po«e;  which  if  T  did  I  should  tie  guilty  of  nothing  but  deceit,  nor  nothing 
las  th<in  fraudj  and  so  don't  ought  to  be  allowed;  but  I  can  give  the 
direct  contrary  proofs ;  for  I  can  prove  I  have  liad  eighteen  measures 
at  a  time  by  me  since  Christmas,  for  people  as  I  have  made  for  several 
times  before,  and  all  the  winter  never  less  than  6vc  or  six  in  a  week, 
oftat  more,  all  old  customers;  and  in  consideration  its  all  for  ready 
money,  it  shows  a  prodigious  satisfaction.  I  buy  for  ready  money,  and 
that  commands  th«  bc&t  of  goods,  and  the  allowance  mftdc  in  considero- 
tioa  Lbctcof. 

Mr  Ward  speaks  like  a  conscientious  man,  but  so  do 
most  of  the  manufacturers  of  female  apparel — or  at  least 
ihcy  endeavour  to — who  advertise.  The  General  Adver^ 
iiseryivk^  staited  in  1745,  and  its  title  indicates  the  purpose 
for  which  it  was  intended.  It  was  "the  first  successful 
attempt  to  depend  for  support  upon  the  advertisements 
il  contained,  thereby  creating  a  new  era  in  the  newspaper 
press.  From  the  very  outset  its  columns  were  filled  with 
them,  between  fifty  and  sixty,  regularly  classified  and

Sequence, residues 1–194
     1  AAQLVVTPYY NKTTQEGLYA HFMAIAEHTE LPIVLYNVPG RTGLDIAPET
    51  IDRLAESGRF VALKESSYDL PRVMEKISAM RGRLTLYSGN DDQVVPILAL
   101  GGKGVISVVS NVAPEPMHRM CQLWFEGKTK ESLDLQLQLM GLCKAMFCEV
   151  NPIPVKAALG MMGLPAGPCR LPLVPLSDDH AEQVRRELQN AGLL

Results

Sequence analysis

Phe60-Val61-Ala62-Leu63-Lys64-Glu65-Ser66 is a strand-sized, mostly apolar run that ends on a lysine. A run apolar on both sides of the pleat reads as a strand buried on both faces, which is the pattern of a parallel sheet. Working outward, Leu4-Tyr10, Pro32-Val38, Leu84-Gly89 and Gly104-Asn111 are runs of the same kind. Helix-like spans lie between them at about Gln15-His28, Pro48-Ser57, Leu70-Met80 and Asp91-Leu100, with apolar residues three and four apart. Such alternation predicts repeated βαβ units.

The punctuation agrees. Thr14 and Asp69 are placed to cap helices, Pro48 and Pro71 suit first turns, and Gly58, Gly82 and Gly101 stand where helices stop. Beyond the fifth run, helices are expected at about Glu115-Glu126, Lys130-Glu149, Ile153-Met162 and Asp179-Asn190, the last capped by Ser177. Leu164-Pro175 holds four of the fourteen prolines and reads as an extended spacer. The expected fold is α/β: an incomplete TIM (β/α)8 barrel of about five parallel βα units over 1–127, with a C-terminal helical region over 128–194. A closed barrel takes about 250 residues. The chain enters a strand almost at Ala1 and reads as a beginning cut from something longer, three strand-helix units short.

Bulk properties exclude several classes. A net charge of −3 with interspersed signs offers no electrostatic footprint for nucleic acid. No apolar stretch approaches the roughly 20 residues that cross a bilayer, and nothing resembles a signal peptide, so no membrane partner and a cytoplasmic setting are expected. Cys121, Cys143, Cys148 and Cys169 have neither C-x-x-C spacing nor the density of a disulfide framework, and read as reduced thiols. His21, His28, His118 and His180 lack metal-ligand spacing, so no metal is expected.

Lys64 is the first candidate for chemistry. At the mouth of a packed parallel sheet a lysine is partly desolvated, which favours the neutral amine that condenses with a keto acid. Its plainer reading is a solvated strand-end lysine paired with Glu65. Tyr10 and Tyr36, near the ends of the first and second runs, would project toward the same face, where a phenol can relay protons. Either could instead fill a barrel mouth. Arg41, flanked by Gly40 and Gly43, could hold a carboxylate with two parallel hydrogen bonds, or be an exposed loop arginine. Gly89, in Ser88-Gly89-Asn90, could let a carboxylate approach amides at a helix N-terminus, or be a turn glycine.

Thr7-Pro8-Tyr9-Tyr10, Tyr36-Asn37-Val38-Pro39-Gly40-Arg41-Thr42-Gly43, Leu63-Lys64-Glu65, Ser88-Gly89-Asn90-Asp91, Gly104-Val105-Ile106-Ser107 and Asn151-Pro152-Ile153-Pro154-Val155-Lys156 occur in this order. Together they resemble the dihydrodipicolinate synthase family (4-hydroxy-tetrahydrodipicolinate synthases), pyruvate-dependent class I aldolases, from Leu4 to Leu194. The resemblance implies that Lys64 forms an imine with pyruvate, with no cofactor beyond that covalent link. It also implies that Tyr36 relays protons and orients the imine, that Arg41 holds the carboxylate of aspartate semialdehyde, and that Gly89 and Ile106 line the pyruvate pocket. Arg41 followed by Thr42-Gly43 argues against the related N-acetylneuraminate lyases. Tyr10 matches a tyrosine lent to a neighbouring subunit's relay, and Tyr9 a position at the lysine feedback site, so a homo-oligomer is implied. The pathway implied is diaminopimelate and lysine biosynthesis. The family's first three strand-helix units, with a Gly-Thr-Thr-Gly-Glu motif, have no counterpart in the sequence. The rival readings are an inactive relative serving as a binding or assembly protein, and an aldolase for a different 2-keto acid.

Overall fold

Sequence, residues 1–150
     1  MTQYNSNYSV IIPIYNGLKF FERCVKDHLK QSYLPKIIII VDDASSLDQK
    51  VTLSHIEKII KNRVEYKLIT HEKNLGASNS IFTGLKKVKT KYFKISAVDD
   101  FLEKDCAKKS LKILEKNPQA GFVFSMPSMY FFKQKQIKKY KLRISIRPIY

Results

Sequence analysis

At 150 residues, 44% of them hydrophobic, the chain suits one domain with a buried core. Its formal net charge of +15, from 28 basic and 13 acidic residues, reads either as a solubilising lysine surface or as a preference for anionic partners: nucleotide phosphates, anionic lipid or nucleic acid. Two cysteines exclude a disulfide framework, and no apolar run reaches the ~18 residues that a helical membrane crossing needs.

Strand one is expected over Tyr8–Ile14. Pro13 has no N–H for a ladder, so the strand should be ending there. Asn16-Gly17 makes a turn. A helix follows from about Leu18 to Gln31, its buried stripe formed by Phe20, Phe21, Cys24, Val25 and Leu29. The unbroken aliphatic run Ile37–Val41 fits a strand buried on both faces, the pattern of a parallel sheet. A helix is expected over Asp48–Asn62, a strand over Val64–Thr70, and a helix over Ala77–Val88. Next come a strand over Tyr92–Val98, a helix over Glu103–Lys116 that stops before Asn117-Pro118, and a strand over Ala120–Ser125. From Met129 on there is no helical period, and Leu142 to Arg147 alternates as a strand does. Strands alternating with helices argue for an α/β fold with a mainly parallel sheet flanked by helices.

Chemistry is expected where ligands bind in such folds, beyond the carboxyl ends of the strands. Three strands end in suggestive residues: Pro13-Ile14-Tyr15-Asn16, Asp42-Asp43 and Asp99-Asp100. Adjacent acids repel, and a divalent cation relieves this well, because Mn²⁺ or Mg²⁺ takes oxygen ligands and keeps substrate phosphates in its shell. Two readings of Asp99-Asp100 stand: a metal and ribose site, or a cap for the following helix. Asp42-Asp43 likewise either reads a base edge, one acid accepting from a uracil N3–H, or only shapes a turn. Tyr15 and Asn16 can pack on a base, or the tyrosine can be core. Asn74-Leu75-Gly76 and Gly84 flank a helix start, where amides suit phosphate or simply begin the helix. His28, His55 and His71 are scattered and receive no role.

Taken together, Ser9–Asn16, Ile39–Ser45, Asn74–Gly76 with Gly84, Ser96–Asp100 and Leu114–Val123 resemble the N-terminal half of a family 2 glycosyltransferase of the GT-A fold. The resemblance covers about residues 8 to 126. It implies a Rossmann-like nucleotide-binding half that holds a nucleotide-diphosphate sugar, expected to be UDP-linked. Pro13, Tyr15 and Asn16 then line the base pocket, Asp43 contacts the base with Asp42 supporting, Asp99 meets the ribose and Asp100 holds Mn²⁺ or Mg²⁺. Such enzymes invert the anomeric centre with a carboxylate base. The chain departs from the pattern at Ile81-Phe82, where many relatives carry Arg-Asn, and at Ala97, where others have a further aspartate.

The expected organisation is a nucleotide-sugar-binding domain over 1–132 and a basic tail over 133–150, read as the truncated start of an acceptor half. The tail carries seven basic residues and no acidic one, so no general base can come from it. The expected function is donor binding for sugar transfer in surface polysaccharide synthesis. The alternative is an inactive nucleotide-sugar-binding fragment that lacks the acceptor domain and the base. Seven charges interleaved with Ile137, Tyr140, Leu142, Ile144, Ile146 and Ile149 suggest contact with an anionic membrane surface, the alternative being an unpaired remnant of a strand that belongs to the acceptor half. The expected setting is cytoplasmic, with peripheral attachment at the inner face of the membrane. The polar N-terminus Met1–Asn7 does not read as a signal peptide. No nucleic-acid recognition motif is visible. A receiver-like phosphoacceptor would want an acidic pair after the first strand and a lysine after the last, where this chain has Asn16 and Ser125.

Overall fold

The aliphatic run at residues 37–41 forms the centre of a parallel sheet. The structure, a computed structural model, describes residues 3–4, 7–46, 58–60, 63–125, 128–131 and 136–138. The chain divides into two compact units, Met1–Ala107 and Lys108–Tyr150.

separated  by  rules,  appearing  in  each  publication ;  in  fact 
the  advertising  page  put  on  for  the  first  time  a  modern 
look.  The  departure  of  sliips  is  constantly  notified,  and 
the  engravings  of  these  old  high-pooped  vessels  sail  in  even 
line  down  the  column.  Trading  matters  have  at  last  got 
the  upper  hand.  You  see  *  a  pair  of  leather  bags/  *  a  scarlet 
heed  coat/  'a  sword/  still  inquired  after;  and  theatres 
make  a  show,  for  tliis  was  the  dawning  of  the  age  of  Foote, 
Macklin,  Garrick,  and  most  of  the  other  great  players  of  the 
ksl  century;  but,  comparaLively  speaking,  the  gaieties  and 
follies  of  the  town  ceased  gradually  from  this  time  to  pro- 
claim themselves  through  the  medium  of  advertisements.**